Allowance for Loan Losses and Recorded Investment in Loans
The following tables present the balance in the allowance for loan losses and the recorded investment in
loans by portfolio segment and based on impairment method at December 31, 2015 and 2014:
December 31, 2015
Consumer
Real Estate Commercial
Allowance for loan losses:
Beginning balance$ 9,482$
Charge-offs (9,760)
Recoveries 1,472
Provision 10,368
Ending balance 11,562
Ending balance individually
evaluated for impairment
928
Ending balance collectively
evaluated for impairment$ 10,634$
Total
3,863$ 2,749$ 16,094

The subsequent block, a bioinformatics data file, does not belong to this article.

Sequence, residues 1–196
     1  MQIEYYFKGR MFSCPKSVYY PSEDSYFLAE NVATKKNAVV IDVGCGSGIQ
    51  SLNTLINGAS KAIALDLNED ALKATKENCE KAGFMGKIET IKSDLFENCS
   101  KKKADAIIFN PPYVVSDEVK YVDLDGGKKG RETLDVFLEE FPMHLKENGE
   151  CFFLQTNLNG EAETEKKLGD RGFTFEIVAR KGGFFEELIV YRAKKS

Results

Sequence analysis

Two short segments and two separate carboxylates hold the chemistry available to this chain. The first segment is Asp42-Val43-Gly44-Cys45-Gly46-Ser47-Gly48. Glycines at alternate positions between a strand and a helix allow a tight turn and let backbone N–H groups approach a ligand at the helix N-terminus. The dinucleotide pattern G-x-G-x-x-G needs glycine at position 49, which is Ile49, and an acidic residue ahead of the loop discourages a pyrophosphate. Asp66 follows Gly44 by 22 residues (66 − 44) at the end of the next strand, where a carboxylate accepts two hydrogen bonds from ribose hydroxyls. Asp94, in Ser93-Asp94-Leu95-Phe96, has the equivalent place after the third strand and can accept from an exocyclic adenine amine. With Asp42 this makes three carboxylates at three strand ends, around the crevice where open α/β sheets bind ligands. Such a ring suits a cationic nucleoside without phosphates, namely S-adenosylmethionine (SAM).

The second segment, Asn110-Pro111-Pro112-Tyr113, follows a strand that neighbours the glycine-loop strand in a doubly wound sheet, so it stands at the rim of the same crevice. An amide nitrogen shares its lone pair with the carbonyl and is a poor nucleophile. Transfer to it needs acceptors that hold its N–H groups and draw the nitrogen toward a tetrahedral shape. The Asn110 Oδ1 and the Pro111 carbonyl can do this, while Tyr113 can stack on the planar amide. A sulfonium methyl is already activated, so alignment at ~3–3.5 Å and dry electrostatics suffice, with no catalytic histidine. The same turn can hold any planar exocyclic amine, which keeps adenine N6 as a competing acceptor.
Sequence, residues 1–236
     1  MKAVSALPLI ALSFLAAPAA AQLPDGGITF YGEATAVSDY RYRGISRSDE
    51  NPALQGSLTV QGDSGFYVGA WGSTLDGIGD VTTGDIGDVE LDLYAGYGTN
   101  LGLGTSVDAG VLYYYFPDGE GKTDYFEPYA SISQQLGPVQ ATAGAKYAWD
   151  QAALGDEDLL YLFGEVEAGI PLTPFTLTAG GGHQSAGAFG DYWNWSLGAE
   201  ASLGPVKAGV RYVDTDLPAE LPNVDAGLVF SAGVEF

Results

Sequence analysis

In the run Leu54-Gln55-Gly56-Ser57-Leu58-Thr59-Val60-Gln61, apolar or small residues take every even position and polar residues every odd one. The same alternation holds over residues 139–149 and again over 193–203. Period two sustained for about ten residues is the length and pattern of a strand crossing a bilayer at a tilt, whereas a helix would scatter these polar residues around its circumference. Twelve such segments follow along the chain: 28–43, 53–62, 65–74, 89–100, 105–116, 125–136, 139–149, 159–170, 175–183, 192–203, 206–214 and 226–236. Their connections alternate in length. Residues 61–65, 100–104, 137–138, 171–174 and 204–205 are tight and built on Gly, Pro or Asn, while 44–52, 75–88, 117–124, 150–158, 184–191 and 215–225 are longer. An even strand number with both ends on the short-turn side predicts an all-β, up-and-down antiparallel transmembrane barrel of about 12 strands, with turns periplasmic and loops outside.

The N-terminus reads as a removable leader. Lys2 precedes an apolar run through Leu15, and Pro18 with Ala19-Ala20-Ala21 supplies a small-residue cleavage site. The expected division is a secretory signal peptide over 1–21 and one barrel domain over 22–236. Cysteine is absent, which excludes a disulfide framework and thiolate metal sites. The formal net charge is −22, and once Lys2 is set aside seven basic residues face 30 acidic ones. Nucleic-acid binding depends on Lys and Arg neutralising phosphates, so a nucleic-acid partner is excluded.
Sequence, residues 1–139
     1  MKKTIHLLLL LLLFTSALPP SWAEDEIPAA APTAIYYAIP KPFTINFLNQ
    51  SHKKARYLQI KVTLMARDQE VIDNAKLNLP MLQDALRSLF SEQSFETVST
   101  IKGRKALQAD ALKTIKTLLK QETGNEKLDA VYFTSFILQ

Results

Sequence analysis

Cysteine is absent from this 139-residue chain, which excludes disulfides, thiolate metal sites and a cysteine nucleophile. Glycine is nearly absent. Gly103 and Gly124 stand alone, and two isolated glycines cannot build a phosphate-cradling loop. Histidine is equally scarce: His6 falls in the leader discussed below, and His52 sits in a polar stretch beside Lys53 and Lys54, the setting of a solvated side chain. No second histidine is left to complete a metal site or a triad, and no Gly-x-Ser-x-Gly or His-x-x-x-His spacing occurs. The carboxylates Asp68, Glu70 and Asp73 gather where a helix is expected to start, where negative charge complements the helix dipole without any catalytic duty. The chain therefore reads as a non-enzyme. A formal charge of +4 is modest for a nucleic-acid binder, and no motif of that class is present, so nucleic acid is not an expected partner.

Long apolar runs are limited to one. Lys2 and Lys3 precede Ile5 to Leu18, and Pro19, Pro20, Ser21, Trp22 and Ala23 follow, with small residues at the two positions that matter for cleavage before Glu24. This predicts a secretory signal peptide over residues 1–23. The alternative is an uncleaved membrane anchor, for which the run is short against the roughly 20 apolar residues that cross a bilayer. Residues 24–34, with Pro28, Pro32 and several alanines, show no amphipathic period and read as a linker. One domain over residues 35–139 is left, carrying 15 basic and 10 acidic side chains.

(470)
(138) (10,368)
166
235 1,873
(1,320) 1,700 10,748
2,239 4,546 18,347
1,904
2,809
5,641
335$ 1,737$ 12,706
17
Notes to
CONSOLIDATED FINANCIAL STATEMENTS
DECEMBER 31, 2015 AND 2014 (Dollars in Thousands)
NOTE 3: Loans to Members (continued)
impaired loans. The average balances are calculated based on the quarter end balances of the loans for the
period reported. Payments received on impaired loans are recorded as a reduction of principal or as interest
income depending on the modified terms of the loan.
Allowance for Loan Losses and Recorded Investment in Loans (continued)
December 31, 2015
Consumer
Real Estate Commercial
The tables below summarize key information for impaired loans:
Total
Loans:
Ending balance individually
evaluated for impairment$ 1,856$ 6,435$ 5,915$ 14,206
Ending balance collectively
evaluated for impairment
1,153,709 576,748 167,269
1,897,726
Total recorded investment
in loans $
1,155,565$583,183$173,184$
1,911,932
December 31, 2014